Elements of Compensation
The Company’s executive compensation program consists of the following principal elements:
Base salary;
Annual cash-based incentive compensation based on the achievement of individual and Company performance goals, which are equally weighted;
Equity‑based long-term compensation; and
Employee benefits.
Base Salary
The Committee believes that competitive base salaries are necessary to attract and retain managerial talent. Base salaries are set at levels considered to be appropriate for the scope of the job function, the level of responsibility of the individual, the skills and qualifications of the individual, and the amount of time spent in the position. Base salaries are also established to be competitive with amounts paid to employees and executive officers with comparable qualifications, experience and responsibilities at the peer group companies.
The Committee reviews the performance and sets the salary for the Chief Executive Officer on an annual basis. The Chief Executive Officer makes salary recommendations to the Committee concerning the other Named Executive Officers, and the Committee reviews the Chief Executive Officer’s recommendations and may approve or change the recommendations for the other Named Executive Officers. Recommendations are based on individual performance, peer group data, and published survey data detailing average salary increases across various industries and company sizes.
The following is a summary of the Named Executive Officers’ base salaries:
 
 
2014 Base Salary
 
2015 Base Salary
 
Increase
Brian M. Sondey(1)
 
$698,000
 
$725,000
 
3.9%
John Burns(2)
 
$330,000
 
$375,000
 
13.6%
Adrian Dunner
 
$337,000
 
$355,000
 
5.3%
Kevin Valentine
 
$280,000
 
$295,000
 
5.4%
Marc Pearlin
 
$285,000
 
$300,000
 
5.3%
(1)
In December 2015, the Committee approved an increase to Mr. Sondey’s salary for 2016 to $750,000, effective January 1, 2016.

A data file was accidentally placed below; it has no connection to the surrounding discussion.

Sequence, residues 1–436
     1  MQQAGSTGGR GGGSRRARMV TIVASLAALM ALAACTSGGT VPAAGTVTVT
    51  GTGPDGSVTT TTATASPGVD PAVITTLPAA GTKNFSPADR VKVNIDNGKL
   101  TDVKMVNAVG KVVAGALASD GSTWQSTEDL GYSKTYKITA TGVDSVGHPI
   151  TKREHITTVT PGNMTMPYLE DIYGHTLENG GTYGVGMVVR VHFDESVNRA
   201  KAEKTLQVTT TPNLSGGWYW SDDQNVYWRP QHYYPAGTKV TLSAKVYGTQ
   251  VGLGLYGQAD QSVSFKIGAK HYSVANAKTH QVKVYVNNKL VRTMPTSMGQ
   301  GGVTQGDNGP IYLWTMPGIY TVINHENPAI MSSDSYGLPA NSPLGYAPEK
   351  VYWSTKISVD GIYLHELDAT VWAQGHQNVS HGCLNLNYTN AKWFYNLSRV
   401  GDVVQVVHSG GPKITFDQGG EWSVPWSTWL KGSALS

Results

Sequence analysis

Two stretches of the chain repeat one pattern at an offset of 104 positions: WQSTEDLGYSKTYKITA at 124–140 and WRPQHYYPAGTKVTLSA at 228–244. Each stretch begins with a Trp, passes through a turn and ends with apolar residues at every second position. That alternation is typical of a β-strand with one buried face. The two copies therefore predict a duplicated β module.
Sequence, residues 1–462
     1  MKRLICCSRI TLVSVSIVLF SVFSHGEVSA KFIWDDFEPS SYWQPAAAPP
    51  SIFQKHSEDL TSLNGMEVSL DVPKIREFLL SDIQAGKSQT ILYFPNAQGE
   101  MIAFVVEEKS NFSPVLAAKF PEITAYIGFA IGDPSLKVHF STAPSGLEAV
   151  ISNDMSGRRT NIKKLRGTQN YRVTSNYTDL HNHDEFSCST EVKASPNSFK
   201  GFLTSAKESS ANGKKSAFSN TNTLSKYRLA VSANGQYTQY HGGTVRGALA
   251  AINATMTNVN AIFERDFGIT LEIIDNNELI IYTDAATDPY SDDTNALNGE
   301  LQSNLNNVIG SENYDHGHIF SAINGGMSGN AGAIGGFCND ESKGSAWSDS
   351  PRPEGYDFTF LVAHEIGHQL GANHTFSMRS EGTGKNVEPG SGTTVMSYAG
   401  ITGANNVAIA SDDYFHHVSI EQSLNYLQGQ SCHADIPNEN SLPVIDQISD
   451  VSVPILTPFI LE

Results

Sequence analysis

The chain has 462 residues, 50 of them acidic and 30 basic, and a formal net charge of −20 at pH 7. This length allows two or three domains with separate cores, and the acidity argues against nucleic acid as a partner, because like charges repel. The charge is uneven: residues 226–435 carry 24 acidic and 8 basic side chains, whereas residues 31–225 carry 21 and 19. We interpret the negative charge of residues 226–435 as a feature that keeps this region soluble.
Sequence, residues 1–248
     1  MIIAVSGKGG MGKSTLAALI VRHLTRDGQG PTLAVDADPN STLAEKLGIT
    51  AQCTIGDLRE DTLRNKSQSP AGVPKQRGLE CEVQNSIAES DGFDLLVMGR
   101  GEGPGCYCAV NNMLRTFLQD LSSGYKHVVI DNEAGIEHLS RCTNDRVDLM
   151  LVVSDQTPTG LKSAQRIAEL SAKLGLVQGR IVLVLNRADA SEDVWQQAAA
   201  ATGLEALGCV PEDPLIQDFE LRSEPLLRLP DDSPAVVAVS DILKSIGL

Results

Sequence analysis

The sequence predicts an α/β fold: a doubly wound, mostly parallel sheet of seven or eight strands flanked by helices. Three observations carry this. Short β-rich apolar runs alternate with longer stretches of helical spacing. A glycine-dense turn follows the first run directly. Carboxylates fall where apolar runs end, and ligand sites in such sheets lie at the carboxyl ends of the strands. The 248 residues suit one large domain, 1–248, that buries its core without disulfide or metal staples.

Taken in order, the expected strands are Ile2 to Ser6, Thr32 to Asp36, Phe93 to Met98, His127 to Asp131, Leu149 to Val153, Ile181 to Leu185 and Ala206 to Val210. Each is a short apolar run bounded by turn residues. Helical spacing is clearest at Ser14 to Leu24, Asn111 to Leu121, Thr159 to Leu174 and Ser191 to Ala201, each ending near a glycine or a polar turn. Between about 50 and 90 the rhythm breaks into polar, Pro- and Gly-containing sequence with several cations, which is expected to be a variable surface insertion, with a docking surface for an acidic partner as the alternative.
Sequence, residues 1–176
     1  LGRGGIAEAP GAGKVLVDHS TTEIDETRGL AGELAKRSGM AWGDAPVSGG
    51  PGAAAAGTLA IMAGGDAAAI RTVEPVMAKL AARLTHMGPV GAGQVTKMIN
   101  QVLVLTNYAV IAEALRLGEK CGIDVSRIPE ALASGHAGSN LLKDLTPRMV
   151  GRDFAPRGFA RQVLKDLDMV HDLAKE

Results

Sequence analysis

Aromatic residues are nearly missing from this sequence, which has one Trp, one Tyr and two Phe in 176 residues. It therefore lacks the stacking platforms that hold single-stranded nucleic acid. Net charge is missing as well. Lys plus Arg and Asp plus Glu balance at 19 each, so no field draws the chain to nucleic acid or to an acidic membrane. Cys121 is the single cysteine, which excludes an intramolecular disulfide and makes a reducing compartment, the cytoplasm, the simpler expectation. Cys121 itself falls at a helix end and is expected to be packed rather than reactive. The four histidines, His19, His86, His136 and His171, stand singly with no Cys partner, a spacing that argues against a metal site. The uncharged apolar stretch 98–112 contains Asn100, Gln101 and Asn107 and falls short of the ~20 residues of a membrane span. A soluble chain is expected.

(2)
In December 2015, the Committee approved an increase to Mr. Burns’ salary for 2016 to $390,000, effective January 1, 2016.
Annual Incentive Compensation
The Committee provides for annual incentive compensation in order to tie a portion of senior executives’ compensation to our short-term performance. Each year the Committee sets the target incentive compensation amount and the target incentive compensation range for the Chief Executive Officer. The Chief Executive Officer makes target incentive compensation recommendations to the Committee concerning the other Named Executive Officers, and the Committee reviews the Chief Executive Officer’s recommendations and may approve or change the recommendations for the other Named Executive Officers. Incentive compensation targets and ranges are expressed as a percentage of base salary. Targets are based on peer

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group levels, and generally referenced to benchmark data. Each year, the Committee also establishes the performance criteria to be used as a guideline for the incentive compensation calculation, and other terms and conditions of awards under the incentive compensation program.
Each year the Board of Directors, with input from the Company’s senior management, sets the operating and financial plan for the Company, which includes the plan level for Adjusted Pre-tax Earnings per Share (“APEPS”). The Company focuses on adjusted pre-tax results since it considers gains and losses on interest rate swaps and the write-off of deferred financing costs to be unrelated to operating performance and since it does not expect to pay any significant income taxes for a number of years due to the availability of accelerated tax depreciation on its existing container fleet and anticipated future equipment purchases. The Compensation Committee uses this financial plan to establish the target level of APEPS for the APEPS component of annual incentive compensation. The Compensation Committee also establishes a payout matrix that determines how the actual level of the APEPS component will vary based on different levels of achieved APEPS. For 2015, it was determined that executives would receive 100% of the APEPS component of their annual incentive compensation if actual APEPS equaled the plan level, and that actual payouts for the APEPS component would range from 0% of target if actual APEPS was less than 70% of plan APEPS to 200% of target if actual APEPS was more than 120% of plan APEPS. For 2015, target APEPS was $5.57 and actual APEPS was $4.40 resulting in a payout of 62% of the Incentive Compensation Target for the APEPS component of annual incentive compensation.